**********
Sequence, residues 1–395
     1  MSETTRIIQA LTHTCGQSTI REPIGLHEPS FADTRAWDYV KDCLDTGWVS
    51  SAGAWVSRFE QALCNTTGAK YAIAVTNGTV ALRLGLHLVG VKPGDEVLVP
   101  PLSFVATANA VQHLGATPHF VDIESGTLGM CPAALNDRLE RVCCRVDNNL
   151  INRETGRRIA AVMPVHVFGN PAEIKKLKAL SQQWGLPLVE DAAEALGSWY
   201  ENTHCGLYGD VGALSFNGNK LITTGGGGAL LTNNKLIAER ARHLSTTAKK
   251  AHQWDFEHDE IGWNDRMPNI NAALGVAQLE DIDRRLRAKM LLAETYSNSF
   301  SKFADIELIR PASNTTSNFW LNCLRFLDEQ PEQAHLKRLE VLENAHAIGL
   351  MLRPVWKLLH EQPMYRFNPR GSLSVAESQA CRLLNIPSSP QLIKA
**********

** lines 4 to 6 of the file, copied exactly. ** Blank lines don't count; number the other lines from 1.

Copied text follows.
   101  PLSFVATANA VQHLGATPHF VDIESGTLGM CPAALNDRLE RVCCRVDNNL
   151  INRETGRRIA AVMPVHVFGN PAEIKKLKAL SQQWGLPLVE DAAEALGSWY
   201  ENTHCGLYGD VGALSFNGNK LITTGGGGAL LTNNKLIAER ARHLSTTAKK